Once you complete the main story beat, new content unlocks called Expeditions – basically Strikes from Destiny. The goal is to complete these Expeditions and earn new resources called Drop Pod points and spend on upper-tier gear to optimize your build. You unlock new Challenge Tiers, up to 15, increasing gear level as well as enemies. Doing the Expeditions is fun enough and it has me grinding its 14 levels for dozens of hours with the goal of doing Eye of the Storm – the pinnacle activity of the game….but it’s also the shortest Expedition of them all with a hefty requirement of reaching max tier and spending 40,000 pods to do it. To put it to context, until you reach Challenge Tier 12, you’ll be earning about 400 pods on average in each expedition, which takes about 6-15mins to complete. Although you’ll have fun initially with these Expeditions, it won’t take long to realize how uninspired it is. Sure, each location is separated from the main story paths but it shows the little effort People Can Fly put into their mechanics; it’s a simple hordes mode with capture points essentially and that’s it. Coupling that with how lazy Eye of the Storm feels for the grind the devs are expecting from the players feels disrespectful.
This is where things goes downhill from here. Let’s talk about their engine and servers.
A Server Experience Akin to Anthem
When Outriders launched their beta, it was praised on how stable the servers were initially – despite the graphical hiccups which were rectified before launch, everyone was having a blast it seems. Come April 1st, it was immediately apparent how unprepared the devs were; servers were ticking for hours where most people weren’t able to play until the next day. It was a consistent thing throughout the 1st week of Outriders and although it has been patched at this point, servers still has issues for some. That wasn’t the only problem Outriders was having, reports of players having their characters wiped entirely was network-wide alongside having gear stored in storage getting deleted as well. This is coupled with enemy AI being too strong for most to progress in the game meaningfully. Outriders had a rough 2 weeks, I tell you this much. But, People Can Fly managed to stay transparent through twitter, launching server maintenances and patch’s that ultimately brought the game to playable state, and that’s credit worth giving.
It doesn’t end there though; you see, once you hit endgame and start character building, it is quickly realized how effective certain abilities are compared to others, leaving little room to experiment with new builds – and primarily it’s because the enemies you are facing are too overwhelming with rush mechanics, snipers that tracks behind walls and overly exerted health pools in the upper tiers. Altogether paired with moments of glitched attacks from mobs that are unavoidable. Happens all the time and let me explain.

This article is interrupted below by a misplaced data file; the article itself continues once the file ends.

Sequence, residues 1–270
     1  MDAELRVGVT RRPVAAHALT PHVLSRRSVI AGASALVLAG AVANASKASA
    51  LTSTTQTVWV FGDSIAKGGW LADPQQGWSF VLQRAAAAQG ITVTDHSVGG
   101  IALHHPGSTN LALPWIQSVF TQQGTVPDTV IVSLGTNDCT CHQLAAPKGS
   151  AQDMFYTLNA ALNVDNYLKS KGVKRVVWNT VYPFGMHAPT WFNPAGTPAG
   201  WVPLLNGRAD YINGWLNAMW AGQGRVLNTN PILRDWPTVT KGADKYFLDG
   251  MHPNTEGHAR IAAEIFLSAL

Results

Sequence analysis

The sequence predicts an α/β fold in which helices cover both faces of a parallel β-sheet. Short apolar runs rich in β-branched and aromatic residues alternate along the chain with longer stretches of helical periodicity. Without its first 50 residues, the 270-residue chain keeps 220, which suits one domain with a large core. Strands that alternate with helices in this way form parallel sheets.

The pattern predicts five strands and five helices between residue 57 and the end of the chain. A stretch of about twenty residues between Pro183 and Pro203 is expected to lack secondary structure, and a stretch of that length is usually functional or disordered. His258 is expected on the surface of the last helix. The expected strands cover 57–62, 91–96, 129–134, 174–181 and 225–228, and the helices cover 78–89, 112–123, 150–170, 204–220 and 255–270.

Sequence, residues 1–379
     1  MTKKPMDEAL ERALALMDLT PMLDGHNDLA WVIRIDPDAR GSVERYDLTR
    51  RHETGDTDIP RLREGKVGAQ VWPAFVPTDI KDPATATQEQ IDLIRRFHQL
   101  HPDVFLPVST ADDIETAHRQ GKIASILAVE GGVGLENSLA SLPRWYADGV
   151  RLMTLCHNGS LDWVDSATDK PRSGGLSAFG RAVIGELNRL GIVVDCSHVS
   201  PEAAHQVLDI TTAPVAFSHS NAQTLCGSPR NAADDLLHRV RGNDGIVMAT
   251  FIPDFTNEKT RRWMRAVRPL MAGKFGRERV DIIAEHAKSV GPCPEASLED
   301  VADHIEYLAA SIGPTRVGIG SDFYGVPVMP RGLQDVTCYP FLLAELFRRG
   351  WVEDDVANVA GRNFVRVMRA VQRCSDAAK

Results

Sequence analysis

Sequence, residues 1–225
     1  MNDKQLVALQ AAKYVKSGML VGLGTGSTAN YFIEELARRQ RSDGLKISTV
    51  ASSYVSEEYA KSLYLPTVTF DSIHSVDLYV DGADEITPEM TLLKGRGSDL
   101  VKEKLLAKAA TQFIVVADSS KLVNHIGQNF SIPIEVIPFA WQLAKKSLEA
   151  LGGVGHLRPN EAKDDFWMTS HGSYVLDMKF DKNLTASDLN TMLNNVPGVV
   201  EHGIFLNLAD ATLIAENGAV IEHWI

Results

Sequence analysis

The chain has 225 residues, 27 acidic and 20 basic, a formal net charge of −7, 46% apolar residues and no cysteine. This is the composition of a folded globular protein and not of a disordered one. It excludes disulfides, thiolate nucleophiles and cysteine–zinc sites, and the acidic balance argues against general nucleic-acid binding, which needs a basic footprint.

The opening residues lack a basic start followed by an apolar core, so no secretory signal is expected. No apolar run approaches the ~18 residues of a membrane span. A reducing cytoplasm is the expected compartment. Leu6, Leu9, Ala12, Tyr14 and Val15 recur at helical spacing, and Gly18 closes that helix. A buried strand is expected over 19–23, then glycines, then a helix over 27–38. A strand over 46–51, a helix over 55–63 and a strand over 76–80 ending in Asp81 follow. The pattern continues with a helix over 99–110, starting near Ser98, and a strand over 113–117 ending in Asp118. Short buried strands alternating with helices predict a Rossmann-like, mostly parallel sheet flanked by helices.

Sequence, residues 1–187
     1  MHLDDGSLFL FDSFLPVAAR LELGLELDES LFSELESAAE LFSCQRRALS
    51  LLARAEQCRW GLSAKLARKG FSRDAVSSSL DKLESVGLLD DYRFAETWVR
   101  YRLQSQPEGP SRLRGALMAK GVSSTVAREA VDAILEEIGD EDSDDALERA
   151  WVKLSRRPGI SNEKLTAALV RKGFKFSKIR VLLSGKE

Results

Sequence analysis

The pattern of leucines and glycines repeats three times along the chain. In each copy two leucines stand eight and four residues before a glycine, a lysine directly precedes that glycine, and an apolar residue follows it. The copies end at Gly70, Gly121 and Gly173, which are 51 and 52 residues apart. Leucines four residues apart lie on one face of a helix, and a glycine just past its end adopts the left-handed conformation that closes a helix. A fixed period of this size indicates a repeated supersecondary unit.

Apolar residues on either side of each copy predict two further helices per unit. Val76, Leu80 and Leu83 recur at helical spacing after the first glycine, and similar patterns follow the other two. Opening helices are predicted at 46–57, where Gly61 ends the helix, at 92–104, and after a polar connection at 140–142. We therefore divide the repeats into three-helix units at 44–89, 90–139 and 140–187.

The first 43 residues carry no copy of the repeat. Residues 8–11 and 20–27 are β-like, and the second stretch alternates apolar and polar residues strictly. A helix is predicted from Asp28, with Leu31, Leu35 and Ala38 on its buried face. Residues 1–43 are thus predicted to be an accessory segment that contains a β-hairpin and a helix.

One moment I am taking down a captain, suddenly a bleeding effect mob spawns behind me interrupting my entire focus while a sniper is tracking me from the distance because a new wave of enemies just spawned in. I get hit with a sniper shot, stunning me and giving time for the captain to freeze me, while rolling out of freeze, I am frozen only to have another mob one shot me. All the while, I am capped with optimal stats on a tier-level that’s 5 levels below me.
And yet, instead of tuning the enemies behaviors, the developers decided to assume that the top 1% players who can play the game for 18hrs a day, is the entire player base altogether and nerfed pretty much every ability in each class; a disconnect from their player base that ultimately soured my experience and nullified my on-the-fly build and everyone else – negating any chance of experimenting with different builds.
REVIEW SCORE: 6/10
Outriders is a gorgeous looking game with a story that’s solid enough to dive in, one that also plays well with amazing loot and potential for build crafting. But, Once you make it known that you are not mindful of your players is when things fall apart – with AI that seems too overpowered, uninspired endgame to grind and pretty much nothing to chase, Outriders just feels like a glorified one-shot experience.